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Arch Phys Med Rehabil. 2014 Feb;95(2):353-9. doi: 10.1016/j.apmr.2013.10.015. Epub 2013 Nov 5.

Instrumenting the balance error scoring system for use with patients reporting persistent balance problems after mild traumatic brain injury.

Author information

1
Department of Neurology, Oregon Health & Science University, Portland, OR. Electronic address: kingla@ohsu.edu.
2
Department of Neurology, Oregon Health & Science University, Portland, OR.
3
Division of Biostatistics, Department of Public Health and Preventive Medicine, Oregon Health & Science University, Portland, OR.
4
Department of Sports Medicine, Oregon Health & Science University, Portland, OR.
5
Department of Neurology, Georgetown University School of Medicine, Washington, DC.
6
War Related Illness and Injury Study Center, Washington, DC Veterans Affairs Medical Center, Washington, DC; Department of Neurology, Georgetown University School of Medicine, Washington, DC.

Abstract

OBJECTIVE:

To determine whether alterations to the Balance Error Scoring System (BESS), such as modified conditions and/or instrumentation, would improve the ability to correctly classify traumatic brain injury (TBI) status in patients with mild TBI with persistent self-reported balance complaints.

DESIGN:

Cross-sectional study.

SETTING:

Outpatient clinic.

PARTICIPANTS:

Subjects (n=13; age, 16.3±2y) with a recent history of concussion (mild TBI group) and demographically matched control subjects (n=13; age, 16.7±2y; control group).

INTERVENTIONS:

Not applicable.

MAIN OUTCOME MEASURES:

Outcome measures included the BESS, modified BESS, instrumented BESS, and instrumented modified BESS. All subjects were tested on the noninstrumented BESS and modified BESS and were scored by visual observation of instability in 6 and 3 stance conditions, respectively. Instrumentation of these 2 tests used 1 inertial sensor with an accelerometer and gyroscope to quantify bidirectional body sway.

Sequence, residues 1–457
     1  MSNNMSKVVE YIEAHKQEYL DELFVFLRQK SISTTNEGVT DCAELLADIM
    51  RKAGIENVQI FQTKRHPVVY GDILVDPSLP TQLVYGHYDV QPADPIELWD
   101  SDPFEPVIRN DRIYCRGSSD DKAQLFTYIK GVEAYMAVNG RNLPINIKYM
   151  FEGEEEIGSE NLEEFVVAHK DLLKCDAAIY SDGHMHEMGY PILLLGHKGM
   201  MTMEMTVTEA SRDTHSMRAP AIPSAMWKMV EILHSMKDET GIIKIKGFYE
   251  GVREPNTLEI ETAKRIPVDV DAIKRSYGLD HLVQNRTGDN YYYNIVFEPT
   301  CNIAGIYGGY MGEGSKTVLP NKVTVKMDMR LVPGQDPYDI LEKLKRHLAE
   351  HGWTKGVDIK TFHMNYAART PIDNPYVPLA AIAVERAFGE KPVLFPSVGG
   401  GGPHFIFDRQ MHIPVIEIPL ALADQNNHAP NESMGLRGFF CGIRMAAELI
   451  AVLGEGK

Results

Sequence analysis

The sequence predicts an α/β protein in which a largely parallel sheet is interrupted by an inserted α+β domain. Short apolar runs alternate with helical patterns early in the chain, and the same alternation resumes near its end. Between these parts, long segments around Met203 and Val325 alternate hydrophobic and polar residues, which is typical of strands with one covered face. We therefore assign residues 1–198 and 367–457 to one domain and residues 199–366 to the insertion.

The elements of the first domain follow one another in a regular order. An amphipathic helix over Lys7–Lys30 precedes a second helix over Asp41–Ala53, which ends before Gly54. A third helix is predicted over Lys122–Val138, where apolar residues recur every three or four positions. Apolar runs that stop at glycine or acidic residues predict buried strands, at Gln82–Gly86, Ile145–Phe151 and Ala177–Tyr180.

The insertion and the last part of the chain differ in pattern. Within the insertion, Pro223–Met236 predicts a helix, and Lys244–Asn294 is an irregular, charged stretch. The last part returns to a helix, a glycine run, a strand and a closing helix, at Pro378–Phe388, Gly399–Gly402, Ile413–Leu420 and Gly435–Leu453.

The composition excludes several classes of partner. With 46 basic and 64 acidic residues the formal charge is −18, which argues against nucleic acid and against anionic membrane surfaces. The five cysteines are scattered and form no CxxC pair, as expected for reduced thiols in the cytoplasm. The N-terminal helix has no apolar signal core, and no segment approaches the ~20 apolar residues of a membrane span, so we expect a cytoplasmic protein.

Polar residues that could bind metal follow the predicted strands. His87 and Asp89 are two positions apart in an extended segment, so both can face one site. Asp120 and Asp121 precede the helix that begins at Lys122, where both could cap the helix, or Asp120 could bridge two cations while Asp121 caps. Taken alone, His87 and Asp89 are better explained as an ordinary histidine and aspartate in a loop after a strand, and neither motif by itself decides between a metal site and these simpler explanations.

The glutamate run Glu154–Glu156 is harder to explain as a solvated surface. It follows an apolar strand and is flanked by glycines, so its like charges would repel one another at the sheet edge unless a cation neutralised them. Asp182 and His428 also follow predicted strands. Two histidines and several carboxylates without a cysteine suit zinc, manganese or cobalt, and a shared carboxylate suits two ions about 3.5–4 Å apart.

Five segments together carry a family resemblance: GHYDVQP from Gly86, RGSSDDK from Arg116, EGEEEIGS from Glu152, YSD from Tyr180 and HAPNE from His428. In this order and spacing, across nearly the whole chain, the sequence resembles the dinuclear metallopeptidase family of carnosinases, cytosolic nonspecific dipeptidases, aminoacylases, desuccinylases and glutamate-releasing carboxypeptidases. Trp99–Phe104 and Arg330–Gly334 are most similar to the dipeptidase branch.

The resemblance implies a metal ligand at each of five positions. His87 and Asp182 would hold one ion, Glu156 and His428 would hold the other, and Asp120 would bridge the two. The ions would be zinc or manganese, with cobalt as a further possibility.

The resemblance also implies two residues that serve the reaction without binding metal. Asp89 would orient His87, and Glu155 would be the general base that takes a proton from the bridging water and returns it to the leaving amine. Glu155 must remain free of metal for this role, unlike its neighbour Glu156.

RESULTS:

Scores from the BESS and the modified BESS tests were similar between groups. However, results from the instrumented measures using the inertial sensor were significantly different between groups. The instrumented modified BESS had superior diagnostic classification and the largest area under the curve when compared with the other balance measures.

CONCLUSIONS:

A concussion may disrupt the sensory processing required for optimal postural control, which was measured by sway during quiet stance. These results suggest that the use of portable inertial sensors may be useful in the move toward more objective and sensitive measures of balance control postconcussion, but more work is needed to increase sensitivity.

TRIAL REGISTRATION:

ClinicalTrials.gov NCT01377454.

KEYWORDS:

AP; AUC; BESS; Balance Error Scoring System; Brain concussion; Brain injuries; ML; NIH; National Institutes of Health; OHSU; Oregon Health & Science University; Postural balance; RMS; ROC; Rehabilitation; TBI; anterior-posterior; area under the curve; mTBI; mediolateral; mild traumatic brain injury; receiver operating characteristic; root-mean-square; traumatic brain injury

PMID:
24200875
DOI:
10.1016/j.apmr.2013.10.015
[Indexed for MEDLINE]

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